by David Sloan, University of Alabama (emeritus)
One of my brothers died in April, and family members, including his wife of fifty years, were uncertain about such basic details as where he served in the Army and even where he was born.
When people die, think of all the knowledge that vanishes with them.
So it wasn’t a grandiose vision that led me to write my memoirs. It was a simple plan. I wrote my memoirs mainly for my two children and five grandchildren. If any of them should want to know something about me after I’m gone, maybe they can find it in my memoirs. If they’re not interested, perhaps years from now a descendent unknown will be.
Because the memoirs are primarily for my family, they tell of such things as how I spent my childhood, what I did in high school, how I decided as a college freshman that I wanted to be a professor, how I met my future wife by a singular coincidence, and what I did on my four newspaper jobs.
But since I spent much of my life in academia and history, a large part of my memoirs covers those areas.
Even though the largest portion of my time as a professor involved the study of history, it was not my original plan. I had intended to specialize in law in my doctoral program at the University of Texas. My decision to switch to history surprised even me.
I got hardly any guidance as I studied history. Yet my dissertation opened my eyes to some of the biggest problems that plagued the study of JMC history.
When I was trying to choose a dissertation topic, my committee gave me only the most meager idea about what to do. My advisor came to the rescue. He told me, “Choose something no one’s ever studied.”
That sounds simple enough. But consider: How can one be aware of something in history that no one has ever written about? It’s not easy. I went ahead and tried to come up with something. Later, it dawned on me that the reason no one has written about some topics is that no one’s interested in them. They’re unimportant or, worse, boring.
I suggested the party press from 1789 to 1816 as my topic. Hardly any historian had written about it in the 20th century. In fact, historians had disparaged it since long before I was born. They gave it the sobriquet “The Dark Ages of American Journalism.”
As I read through hundreds and hundreds of primary sources, something strange kept popping up. Historians said the newspapers were terrible. But people of the time thought they were important. They even praised the papers! Can you imagine that? How could they be so misinformed? Didn’t they realize that the papers weren’t doing the proper job of newspapers?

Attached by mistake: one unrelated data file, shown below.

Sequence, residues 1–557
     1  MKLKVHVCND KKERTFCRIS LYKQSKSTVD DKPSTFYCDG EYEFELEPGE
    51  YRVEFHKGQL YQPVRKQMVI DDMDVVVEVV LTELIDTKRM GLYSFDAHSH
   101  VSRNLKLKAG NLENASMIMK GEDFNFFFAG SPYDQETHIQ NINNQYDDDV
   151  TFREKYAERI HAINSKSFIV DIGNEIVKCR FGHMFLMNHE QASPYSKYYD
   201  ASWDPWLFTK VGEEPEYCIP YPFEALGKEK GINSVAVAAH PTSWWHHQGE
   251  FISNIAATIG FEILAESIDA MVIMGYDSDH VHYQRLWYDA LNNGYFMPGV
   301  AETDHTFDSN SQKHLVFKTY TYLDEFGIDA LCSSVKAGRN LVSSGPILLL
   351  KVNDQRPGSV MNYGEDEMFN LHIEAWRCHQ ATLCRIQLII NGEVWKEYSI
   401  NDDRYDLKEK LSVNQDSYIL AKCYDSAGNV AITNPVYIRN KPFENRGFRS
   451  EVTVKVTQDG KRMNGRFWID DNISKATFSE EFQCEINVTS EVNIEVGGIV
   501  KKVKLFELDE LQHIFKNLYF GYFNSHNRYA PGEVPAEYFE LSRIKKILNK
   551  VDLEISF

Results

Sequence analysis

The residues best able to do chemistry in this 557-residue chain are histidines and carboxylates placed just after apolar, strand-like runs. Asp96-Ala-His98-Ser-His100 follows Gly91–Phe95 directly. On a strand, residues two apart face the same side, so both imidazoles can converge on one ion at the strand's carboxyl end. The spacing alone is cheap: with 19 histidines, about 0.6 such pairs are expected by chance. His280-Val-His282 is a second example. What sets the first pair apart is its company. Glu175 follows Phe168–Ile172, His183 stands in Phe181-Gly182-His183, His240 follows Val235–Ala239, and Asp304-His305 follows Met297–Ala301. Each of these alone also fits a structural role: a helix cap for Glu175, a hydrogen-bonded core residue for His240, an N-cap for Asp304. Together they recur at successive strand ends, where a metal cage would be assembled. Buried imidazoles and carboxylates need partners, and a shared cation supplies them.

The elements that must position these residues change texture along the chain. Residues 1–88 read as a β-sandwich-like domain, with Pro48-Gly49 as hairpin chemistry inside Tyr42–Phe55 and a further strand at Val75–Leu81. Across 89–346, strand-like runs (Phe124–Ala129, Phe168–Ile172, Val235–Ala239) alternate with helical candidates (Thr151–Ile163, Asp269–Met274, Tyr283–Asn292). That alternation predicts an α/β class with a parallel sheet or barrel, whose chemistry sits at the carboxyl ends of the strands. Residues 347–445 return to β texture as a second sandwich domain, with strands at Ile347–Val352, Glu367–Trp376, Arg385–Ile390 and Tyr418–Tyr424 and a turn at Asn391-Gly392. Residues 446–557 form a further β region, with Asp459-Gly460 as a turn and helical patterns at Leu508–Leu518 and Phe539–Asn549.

Then it struck me. Historians were the ones who got it wrong. They were judging the newspapers by journalistic standards that only appeared later. They were expecting editors of the party period to perform by criteria of the historians’ time.
The problem, present-mindedness, is well-known to historians, but journalism historians in 1980 were oblivious to the error.
Once I realized where the problem lay, I could see all of journalism history in a new light.
My dissertation planted the seed for much of the research and writing that I did in my academic career.
The greater portion of my efforts was aimed at trying to improve practices in our field and to elevate history’s importance in the broader field of mass communication education.
One of the biggest efforts was the AJHA. Gary Whitby and I started it in 1982, and Gary founded its journal, American Journalism. Ten years later, I started the AJHA Southeast Symposium, and even after retiring from teaching I created the online journal Historiography in Mass Communication. My memoirs detail each of those efforts.
They were of great importance for me, but I spent more time on writing and editing books. Several focused in some way or other on historiography.
The first one was American Journalism History: An Annotated Bibliography. I won’t waste words explaining why I did it, but will only say that it was mainly for my own benefit. I figured that, to be a historian, one needs to be familiar with the literature in the field. I began work on it the summer after completing my dissertation, and over the next eight years read more than 2,600 books and articles. It was the best education I ever got.
My original plan in compiling the bibliography was to identify the various schools of JMC historians and explain their interpretations of the major periods and topics in the field. That effort eventually led to the book Perspectives on Mass Communication History.
At the same time I was working on Perspectives, Jim Startt and I began Historical Methods in Mass Communication. Jim knows more about historical methodology than any other JMC historian ever has, and his expertise shows in that book. I estimate that around 2,000 students, as well as some professors, have learned how to do historical research from it.
Not all books were so esoteric. The first edition of The Media in America was published in 1990. With it, my goal was to provide an accurate and authoritative textbook that gave students a good historical grounding. It is now in its eleventh edition.
I worked as a professor for thirty-eight years. I had a privileged life.
When my two grandsons were small children, they were riding with me through downtown Tuscaloosa on a hot August day. A construction crew was hard at work on a new hotel. Matthew and Garrett knew I was a professor and had an office job.
Matthew, five years old, watched the workers. He declared, “Some people have to work like dogs.”
He paused and then added, “You know, Grandad, you’ve got the greatest job in the world. All you have to do is sit down all day — and do nothing.”